Grammar Greatness: Your one-minute Hangry History guide to Punctuation.

October 14, 2019 | By | Reply More

I would have called this primer ‘horrible’ rather than ‘hangry’, but didn’t want to get sued by my friend, author Terry Deary.

Those funny little marks you see all over the page and screen, they’re called “punctuation”.

They started off as a way of making your writing seem closer to how you speak out aloud.

Punctuation was actually created, like so much else, by an ancient scholar in 3 BC. This fellow, called Aristophanes of Byzantium, needed a way to mark up texts so people reading them would know when to draw a breath, pause to let the audience digest the words, halt for dramatic effect and so forth.

Only the rich, powerful and wealthy could read in those days, and you never know when you’d need to read an inspiring speech before your troops, change minds inside the palace, or win victory inside a court of law (when losing meant losing your head). Come on, those barbarian countries weren’t going to invade themselves.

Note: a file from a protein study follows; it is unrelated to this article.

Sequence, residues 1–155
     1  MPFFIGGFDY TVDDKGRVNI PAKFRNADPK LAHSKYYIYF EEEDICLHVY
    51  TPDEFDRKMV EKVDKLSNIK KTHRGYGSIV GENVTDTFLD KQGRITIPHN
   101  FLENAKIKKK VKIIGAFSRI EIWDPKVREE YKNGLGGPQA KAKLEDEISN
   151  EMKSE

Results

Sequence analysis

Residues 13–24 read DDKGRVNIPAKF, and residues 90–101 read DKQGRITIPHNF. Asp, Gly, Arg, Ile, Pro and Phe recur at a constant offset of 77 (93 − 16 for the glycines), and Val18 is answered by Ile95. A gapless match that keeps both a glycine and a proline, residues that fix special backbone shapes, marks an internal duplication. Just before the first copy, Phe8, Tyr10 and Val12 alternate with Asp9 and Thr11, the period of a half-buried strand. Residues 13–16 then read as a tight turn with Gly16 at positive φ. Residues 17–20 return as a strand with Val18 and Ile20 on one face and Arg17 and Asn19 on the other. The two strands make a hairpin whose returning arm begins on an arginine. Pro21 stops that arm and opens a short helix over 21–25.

Two-thousand-three-hundred years later, we’re still using punctuation for much the same reason (less pleading before the Emperor to be given a plum job, though, and not as much getting your head cut off because you accidentally farted in the royal presence).

Thanks, Aristophanes. But I’m still not going to invade Gaul – or as we call it these days, France – for you.


Category: Wizard of Words

About the Author ()

I have been working as a full-time author publishing fantasy and science fiction novels for HarperCollins for the last seven years.

Leave a Reply

You must be logged in to post a comment.